A Northland iwi which is a significant player in the region's accommodation sector is calling for the Auckland border to stay closed despite the effect of travel restrictions on its businesses.
Ngātiwai, a coastal Whangārei iwi, has found itself in something of a Catch-22 over the border because it owns the biggest hotel on the Tutukaka Coast, Oceans Tutukaka, as well as a large campground at Bland Bay.
However, Te Poari o Ngātiwai (Ngātiwai Trust Board) chairman Aperahama Kerepeti-Edwards said the iwi's first priority was the well-being of its people and the wider community — so he was calling on the government to keep the border closed until Māori vaccination rates in Tai Tokerau hit 90 per cent.
Kerepeti-Edwards welcomed the provision for double-vaxxed Aucklanders to come north, but he was concerned about how the travel requirements would be verified.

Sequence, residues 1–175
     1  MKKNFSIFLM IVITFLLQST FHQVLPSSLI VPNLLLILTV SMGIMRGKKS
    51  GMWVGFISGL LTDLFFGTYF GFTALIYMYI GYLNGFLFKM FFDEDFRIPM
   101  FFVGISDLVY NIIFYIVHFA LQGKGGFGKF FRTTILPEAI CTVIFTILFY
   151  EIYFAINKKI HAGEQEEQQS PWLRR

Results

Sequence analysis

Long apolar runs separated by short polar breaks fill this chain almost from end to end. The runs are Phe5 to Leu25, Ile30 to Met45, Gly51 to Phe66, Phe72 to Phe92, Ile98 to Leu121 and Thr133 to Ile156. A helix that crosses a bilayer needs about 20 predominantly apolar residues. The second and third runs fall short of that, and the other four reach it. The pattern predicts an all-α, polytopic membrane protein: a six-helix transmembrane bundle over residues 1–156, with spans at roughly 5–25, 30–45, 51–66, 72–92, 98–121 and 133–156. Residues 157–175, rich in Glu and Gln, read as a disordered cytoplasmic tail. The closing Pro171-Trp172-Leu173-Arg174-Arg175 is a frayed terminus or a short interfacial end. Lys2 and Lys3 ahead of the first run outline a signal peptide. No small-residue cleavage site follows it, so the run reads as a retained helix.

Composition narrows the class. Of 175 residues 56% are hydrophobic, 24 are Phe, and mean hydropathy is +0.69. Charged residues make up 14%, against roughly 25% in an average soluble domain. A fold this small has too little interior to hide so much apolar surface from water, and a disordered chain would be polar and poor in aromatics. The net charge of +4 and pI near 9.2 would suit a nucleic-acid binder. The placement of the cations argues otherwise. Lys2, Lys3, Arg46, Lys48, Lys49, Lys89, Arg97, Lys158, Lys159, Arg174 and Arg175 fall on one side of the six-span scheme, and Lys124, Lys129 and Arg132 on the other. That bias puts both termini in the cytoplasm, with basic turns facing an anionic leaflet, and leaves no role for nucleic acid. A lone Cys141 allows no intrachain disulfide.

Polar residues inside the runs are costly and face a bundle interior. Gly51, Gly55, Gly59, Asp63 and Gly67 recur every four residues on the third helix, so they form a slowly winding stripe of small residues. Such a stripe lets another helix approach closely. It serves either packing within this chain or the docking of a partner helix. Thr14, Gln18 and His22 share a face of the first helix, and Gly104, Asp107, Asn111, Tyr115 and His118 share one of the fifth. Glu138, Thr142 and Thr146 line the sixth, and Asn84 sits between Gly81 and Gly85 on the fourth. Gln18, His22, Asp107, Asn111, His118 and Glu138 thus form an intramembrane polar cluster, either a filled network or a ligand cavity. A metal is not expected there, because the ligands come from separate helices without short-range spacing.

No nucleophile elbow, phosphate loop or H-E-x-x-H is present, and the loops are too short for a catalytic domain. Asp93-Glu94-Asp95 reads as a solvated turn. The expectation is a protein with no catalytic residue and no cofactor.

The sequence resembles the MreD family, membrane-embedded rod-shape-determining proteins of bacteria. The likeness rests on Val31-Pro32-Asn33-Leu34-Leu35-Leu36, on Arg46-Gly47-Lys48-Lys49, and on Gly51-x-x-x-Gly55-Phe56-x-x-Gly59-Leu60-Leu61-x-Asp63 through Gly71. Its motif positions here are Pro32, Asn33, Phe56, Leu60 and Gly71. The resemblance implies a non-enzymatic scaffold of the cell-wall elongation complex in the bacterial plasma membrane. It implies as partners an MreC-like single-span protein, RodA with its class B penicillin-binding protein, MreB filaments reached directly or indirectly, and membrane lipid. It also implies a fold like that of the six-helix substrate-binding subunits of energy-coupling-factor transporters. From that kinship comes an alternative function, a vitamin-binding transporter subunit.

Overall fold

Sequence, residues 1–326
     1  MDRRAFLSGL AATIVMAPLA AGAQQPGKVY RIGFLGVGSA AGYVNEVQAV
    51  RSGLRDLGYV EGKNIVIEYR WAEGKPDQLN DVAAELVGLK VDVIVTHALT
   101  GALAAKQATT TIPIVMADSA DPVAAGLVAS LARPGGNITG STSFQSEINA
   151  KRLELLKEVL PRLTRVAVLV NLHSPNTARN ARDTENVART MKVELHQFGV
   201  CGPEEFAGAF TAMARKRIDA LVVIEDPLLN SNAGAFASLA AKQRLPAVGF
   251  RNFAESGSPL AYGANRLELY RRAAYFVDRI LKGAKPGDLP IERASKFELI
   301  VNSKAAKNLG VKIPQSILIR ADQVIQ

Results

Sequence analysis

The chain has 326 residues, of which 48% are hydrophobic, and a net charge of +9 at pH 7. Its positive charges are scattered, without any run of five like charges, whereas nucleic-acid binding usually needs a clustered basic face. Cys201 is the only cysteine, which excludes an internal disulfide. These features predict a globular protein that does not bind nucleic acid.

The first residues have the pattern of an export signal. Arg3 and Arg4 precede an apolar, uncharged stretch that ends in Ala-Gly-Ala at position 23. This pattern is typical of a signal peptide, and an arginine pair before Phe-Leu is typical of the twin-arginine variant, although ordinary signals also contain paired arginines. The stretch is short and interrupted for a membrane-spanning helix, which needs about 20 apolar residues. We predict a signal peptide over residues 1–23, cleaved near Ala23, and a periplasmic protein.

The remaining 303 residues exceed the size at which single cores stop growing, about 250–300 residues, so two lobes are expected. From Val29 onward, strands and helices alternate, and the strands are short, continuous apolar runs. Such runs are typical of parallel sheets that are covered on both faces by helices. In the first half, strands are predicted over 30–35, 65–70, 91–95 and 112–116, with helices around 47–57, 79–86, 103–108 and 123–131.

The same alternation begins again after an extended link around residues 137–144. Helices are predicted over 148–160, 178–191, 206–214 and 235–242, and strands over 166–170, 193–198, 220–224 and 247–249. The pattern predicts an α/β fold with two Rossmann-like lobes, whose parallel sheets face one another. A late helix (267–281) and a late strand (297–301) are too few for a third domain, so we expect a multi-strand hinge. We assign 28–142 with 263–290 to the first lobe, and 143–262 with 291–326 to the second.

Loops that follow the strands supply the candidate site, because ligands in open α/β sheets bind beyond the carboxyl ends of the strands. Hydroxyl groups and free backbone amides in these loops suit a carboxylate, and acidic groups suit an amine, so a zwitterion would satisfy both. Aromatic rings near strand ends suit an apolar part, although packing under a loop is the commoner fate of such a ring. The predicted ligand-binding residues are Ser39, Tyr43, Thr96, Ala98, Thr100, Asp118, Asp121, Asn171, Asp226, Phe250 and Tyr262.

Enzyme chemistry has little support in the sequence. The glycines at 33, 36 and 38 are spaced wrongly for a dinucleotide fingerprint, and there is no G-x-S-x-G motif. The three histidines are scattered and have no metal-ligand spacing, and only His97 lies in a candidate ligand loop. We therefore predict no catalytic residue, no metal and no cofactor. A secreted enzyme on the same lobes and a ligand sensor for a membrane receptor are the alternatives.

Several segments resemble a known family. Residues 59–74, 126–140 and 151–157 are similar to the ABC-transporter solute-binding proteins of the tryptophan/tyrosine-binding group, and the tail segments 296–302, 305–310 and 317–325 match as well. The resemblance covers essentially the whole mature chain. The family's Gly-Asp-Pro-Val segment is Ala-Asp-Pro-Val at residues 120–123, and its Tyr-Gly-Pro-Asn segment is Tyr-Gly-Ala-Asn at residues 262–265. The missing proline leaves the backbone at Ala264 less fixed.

Anyone heading north out of Auckland from December 15 is supposed to be fully vaccinated or have tested negative for Covid in the previous 72 hours.
Kerepeti-Edwards said his understanding was there would be a heavy police presence at the border but they would only carry out spot checks due to the expected high volumes of traffic.
Ngātiwai kāinga (settlements) such as Matapōuri and Tutukaka were holiday hotspots likely to draw large numbers of people over summer, increasing the risk of spreading Covid-19.
He acknowledged lockdown had been tough on whānau in Auckland but urged the Government to work with iwi on ways of managing the influx of visitors and keeping people safe.
"We are willing to consider opening the border when the Government comes to the table to engage meaningfully with iwi of the North to plan a shared strategy," he said.
Kerepeti-Edwards said Covid restrictions had affected the iwi's tourism businesses but they had managed to get through the past two years thanks to the local market.
He didn't want to see that jeopardised by Northland having to go back into another full-scale lockdown.
Te Kahu o Taonui, a grouping of Northland iwi leaders, also opposes opening the border until Māori vaccination rates in Auckland and Northland reach 90 per cent.
According to the Ministry of Health, 58 per cent of Northland Māori have had both jabs and 74 per cent have had their first dose.